I think the GBT is in the process of making those decisions, evaluating what the mechanism will be, and working through those details. That’s part of the diligence the GBT is taking, and I think that plan will develop over the next several weeks.

Does GBT still plan to reapply for a license with the Alderney Gaming Commission? If so, how long would that process take?

Yes, the plan would be to seek a license from the Alderney Gaming Commission and also from the Kahnawake Gaming Commission (KGC). As you may know, Full Tilt has held licenses from both those regulatory authorities. Our expectation is that we will do the same.

I hope that the process would not take terribly long because Alderney is already familiar with the technology, the software, the gaming platform, and all of that, which is a large part of the process. The new component would be the people in the ownership and the management, so that will take a little bit of time of course, but we are optimistic it can be done quickly.

It’s been said that Full Tilt's existing owners may retain minority stakes, staying on as "passive" investors. Can you elaborate on what that means, who may exercise this option, and why they might want to do so?

The agreement with the DOJ contemplates that the GBT would retain majority and controlling interest in the company. The DOJ also prohibits Full Tilt members from retaining or acquiring any ownership interest in the new company, namely the directors are not permitted to have ownership interest going forward.

To the extent that any members decide they would like to participate in a minority stake in the company going forward, other than the ones who’ve been excluded, there would have to be negotiating and any interest would be entirely passive.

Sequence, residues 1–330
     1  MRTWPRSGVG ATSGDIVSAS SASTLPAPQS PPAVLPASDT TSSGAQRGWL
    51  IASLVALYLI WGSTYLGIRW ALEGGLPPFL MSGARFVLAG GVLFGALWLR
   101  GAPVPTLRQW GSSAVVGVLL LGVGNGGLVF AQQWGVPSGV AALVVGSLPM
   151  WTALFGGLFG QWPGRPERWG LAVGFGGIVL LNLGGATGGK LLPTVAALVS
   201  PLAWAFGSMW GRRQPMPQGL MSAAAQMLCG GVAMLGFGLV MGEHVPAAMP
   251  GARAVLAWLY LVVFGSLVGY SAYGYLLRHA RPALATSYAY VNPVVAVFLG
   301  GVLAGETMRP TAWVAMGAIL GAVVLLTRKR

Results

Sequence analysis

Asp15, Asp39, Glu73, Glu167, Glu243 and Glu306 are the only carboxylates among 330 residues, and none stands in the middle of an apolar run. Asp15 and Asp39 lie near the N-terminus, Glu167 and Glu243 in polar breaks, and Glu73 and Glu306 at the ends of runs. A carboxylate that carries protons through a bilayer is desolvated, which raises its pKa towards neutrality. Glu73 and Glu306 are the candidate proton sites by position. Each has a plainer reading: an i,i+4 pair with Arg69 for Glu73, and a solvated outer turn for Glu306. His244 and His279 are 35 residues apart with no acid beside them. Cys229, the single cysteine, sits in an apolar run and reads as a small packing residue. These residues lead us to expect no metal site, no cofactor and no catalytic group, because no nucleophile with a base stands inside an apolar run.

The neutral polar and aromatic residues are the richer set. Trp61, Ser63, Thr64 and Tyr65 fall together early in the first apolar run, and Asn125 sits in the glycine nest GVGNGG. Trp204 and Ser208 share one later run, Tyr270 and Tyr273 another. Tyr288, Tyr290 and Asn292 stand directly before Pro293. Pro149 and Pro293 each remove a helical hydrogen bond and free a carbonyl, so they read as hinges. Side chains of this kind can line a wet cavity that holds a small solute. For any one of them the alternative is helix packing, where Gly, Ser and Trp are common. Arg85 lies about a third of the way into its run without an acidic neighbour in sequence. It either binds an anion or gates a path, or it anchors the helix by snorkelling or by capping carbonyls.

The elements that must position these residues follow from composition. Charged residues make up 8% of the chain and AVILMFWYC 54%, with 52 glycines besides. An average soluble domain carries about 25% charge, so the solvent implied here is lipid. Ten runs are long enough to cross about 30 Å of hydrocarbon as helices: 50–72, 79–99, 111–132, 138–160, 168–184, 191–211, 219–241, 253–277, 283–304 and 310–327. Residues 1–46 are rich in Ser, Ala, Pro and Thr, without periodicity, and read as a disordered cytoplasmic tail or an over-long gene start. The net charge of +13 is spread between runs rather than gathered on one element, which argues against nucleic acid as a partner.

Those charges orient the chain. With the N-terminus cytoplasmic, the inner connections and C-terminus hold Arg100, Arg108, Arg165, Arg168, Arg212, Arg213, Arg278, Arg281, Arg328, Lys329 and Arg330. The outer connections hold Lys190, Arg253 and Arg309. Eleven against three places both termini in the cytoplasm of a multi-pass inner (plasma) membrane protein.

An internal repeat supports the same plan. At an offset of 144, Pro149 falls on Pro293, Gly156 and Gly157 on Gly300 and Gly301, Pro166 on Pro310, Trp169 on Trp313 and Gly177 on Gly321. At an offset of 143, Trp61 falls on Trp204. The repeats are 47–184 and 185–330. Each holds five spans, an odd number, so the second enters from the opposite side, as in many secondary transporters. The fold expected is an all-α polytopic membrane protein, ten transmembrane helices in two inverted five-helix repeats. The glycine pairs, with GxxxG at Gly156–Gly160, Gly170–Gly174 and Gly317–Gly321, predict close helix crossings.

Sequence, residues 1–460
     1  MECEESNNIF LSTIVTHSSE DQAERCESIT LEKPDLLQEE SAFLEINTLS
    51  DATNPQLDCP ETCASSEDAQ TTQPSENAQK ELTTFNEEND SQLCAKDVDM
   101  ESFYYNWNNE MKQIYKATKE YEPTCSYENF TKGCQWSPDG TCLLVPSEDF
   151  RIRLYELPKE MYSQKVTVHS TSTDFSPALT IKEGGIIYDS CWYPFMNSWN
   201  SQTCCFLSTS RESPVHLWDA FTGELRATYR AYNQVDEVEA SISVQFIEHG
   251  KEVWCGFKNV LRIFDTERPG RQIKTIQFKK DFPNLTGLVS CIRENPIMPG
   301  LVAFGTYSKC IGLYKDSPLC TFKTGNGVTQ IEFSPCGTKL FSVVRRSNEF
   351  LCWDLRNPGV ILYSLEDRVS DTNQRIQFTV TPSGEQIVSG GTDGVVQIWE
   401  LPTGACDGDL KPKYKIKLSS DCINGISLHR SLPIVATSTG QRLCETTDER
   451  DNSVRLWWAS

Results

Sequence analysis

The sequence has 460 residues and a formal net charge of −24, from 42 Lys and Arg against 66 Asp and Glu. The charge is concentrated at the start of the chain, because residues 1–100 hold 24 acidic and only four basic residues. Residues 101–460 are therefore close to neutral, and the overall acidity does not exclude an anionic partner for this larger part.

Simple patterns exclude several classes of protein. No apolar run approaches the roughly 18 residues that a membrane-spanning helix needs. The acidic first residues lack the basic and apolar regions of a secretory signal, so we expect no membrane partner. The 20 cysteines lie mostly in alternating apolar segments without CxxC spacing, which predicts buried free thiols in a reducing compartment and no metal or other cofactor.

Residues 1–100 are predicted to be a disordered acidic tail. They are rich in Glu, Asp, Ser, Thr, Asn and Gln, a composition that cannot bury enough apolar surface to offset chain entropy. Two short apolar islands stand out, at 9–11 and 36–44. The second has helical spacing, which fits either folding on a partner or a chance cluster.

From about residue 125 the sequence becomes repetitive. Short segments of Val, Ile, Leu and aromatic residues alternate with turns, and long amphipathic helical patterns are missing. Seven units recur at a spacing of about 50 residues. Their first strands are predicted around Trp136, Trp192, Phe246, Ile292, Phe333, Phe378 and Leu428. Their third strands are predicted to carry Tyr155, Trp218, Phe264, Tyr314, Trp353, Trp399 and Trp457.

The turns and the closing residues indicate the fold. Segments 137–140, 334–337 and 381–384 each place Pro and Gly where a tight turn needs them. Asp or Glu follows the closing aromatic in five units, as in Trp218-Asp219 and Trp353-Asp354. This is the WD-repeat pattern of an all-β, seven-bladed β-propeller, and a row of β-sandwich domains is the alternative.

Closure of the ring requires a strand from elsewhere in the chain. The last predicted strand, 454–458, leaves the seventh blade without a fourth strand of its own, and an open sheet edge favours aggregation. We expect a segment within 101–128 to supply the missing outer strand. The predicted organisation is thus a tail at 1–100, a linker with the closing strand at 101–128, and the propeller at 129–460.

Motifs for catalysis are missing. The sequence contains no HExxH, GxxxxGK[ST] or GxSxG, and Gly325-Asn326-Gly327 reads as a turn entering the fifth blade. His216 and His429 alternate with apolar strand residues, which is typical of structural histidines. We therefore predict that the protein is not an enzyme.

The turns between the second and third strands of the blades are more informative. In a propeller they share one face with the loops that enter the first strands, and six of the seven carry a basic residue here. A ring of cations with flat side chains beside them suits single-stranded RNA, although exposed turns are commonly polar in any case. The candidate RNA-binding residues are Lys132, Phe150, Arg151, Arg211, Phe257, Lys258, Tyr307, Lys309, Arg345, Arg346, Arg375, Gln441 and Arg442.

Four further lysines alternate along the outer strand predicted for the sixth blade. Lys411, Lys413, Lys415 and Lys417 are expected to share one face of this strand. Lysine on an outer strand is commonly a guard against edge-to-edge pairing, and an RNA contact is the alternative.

Laurent Tapie has stated that some players may be offered equity stakes in the new company as a form of repayment. Is this still the plan?

As I’ve said before, GBT is evaluating all of its options in terms of how it will go about compensating players. I’m not comfortable saying something will or will not be included because that process is ongoing.

What attracted you to the gambling and gaming areas of the law?

I came at this from a technology perspective. I started off as an export-trade lawyer specializing in high-technology issues. For example, I dealt with export of encryption software and things of that nature. Then, about 13 or 14 years ago, I started working with a payment processor company that had a variety of payments regulatory issues.

They also processed gaming and they asked me about pending gaming legislation. As you know, that issue was kicking around Congress for many years before the UIGEA passed in 2006. So at that time, a bill was pending that would have clarified the legal status of Internet gaming, and suddenly I started to work on their gaming issues [in the late 90s].
I was subsequently retained by what was then called Party Gaming to advise on gaming and related regulatory issues. So I’ve been involved for quite some time.